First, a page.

(Originally appeared on the Tipsy Techie website in March 2014. My opinion of this beer has not changed. At all.)
I consider myself a fanboy of Stone Brewing. I’ve never drank a bad, or even mediocre, beer made by them. I’m also a lover of spicy foods, so much so that I once partook of Quaker Steak and Lube’s Atomic Wings. Yet when I discovered Stone Crime at my favorite craft beer store, I felt more than a bit of trepidation. For the uninformed, Crime is part of Stone’s Quingenti Millilitre series. It was created by taking Lukcy Bastard Ale and aging it in bourbon barrels with an undisclosed number of hot peppers. The peppers ranged from lowly jalapeños up through black nagas and Moruga scorpions. Some of those tiny fruits have a Scoville ranking on par with police grade pepper spray. You know, that stuff cops use to subdue people.
Still, I’m an obsessive collector and I simply had to satisfy my curiosity. So purchase it I did.
I uncorked the bottle and poured it into a small tulip glass. The beer was a thick muddy red with a tight white head formed at the top. I brought the glass up to my nose and inhaled. The scent was unlike anything I’ve ever smelled in a beer. I held the drink up to the light. It looked like beer. I smelled it again. Not beer. The first thing that came through was the piquant sting of pepper. This was followed by a trace of sweetness like what one would expect from strong ale. And then the nose became a mélange of the two scents together.
“Fortune favors the bold,” I reminded myself and I took a drink.
The taste started out with a heavy sweetness surrounded in smoke.
“Oh,” I started to think, “This is going to be a nice, smoked ale!” But the thought got as far as “Oh, this is going to b-“ when heat washed through my mouth, eradicating the smoky sweetness.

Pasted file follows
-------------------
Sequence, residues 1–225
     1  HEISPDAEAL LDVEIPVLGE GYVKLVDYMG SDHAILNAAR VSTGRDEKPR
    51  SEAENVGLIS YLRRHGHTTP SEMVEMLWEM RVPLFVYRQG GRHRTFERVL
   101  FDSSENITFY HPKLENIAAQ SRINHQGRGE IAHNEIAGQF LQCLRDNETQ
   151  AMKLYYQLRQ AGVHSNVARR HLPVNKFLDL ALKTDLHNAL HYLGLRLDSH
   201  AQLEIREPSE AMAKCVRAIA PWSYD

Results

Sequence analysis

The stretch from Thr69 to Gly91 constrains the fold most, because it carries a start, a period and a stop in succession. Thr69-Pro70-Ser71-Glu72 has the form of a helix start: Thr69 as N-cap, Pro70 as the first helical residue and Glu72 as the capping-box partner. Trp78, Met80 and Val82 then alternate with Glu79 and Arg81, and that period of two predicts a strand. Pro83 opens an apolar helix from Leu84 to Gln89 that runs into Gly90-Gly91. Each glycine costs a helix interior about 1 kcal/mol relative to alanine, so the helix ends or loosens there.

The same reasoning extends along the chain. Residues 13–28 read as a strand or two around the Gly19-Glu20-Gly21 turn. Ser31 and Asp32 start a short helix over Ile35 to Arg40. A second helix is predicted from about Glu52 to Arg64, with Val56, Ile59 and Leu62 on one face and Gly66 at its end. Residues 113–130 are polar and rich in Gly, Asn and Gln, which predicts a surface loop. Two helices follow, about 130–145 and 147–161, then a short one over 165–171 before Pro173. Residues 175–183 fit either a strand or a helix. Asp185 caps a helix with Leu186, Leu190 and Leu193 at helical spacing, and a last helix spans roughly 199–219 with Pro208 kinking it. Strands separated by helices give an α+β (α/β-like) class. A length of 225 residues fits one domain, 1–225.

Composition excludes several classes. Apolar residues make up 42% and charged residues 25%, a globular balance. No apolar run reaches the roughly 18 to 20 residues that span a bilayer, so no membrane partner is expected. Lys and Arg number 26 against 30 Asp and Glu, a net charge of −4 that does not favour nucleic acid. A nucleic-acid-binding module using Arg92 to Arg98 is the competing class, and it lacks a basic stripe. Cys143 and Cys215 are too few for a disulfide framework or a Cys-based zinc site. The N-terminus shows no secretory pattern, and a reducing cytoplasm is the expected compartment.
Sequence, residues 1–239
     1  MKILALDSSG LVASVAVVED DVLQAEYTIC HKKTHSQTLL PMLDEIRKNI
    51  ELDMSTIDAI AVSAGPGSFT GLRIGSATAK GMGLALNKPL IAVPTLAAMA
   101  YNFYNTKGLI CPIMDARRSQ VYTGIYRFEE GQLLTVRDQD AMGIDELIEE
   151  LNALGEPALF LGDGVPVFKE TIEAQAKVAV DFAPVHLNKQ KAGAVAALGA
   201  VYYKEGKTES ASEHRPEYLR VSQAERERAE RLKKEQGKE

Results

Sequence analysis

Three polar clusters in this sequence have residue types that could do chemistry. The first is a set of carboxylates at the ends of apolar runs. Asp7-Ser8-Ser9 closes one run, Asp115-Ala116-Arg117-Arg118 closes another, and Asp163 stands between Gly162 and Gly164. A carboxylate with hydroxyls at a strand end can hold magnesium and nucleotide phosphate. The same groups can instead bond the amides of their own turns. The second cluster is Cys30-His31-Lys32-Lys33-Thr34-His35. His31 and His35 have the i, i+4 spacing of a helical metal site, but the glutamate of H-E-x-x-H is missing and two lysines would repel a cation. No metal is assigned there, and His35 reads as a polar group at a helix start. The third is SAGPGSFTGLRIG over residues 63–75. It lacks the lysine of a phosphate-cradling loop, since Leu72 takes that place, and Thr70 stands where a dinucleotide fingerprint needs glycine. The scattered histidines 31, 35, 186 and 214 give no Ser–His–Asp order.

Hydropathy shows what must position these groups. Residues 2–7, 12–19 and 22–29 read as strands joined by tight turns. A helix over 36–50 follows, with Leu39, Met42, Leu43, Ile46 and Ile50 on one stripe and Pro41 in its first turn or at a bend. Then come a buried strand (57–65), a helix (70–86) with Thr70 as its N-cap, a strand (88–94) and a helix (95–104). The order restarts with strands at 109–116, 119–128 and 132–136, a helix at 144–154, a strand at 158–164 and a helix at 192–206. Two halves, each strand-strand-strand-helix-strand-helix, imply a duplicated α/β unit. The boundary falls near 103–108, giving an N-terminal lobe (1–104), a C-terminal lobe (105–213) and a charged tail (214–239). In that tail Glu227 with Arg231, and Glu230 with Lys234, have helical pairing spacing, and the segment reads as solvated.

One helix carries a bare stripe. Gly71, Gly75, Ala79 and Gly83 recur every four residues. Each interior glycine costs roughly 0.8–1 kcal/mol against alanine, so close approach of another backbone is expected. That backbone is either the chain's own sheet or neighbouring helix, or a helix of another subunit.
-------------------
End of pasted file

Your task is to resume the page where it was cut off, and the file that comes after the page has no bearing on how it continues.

I swallowed. The beer burned down my throat and all the way into my stomach. The sensation was not unlike drinking whiskey. The body was medium to medium high. I know from drinking Lukcy Bastard that there should have been hops in Crime, however I could only surmise that they were beaten up and stuffed in a closet by the peppers, as they weren’t anywhere noticeable in the beer.
The inviting head bubbled away quickly. As I drank more of the beer, my cheeks began to sweat. The peppery heat in the aftertaste grew in its intensity, never mellowing. I couldn’t help thinking that Ralph Wiggum from the Simpsons put it best when he said, “They taste like burning!”
One of the things I love about drinking craft beer is discovering something unexpected. Crime certainly fits that bill. However it felt like something I would drink on a dare rather than a beer I’d share with a friend. I’m certain Crime has fans. I’m curious what cellaring a bottle would do for its taste. And in full disclosure, this was the first pepper beer I’d ever had. If you are a fan of this style of beer, then I would suggest hunting Crime down. I can’t imagine you’ll find a stronger example of the style. But for everyone else, especially those new to craft beer, you’re going to want to avoid doing Crime as you probably won’t stand the time.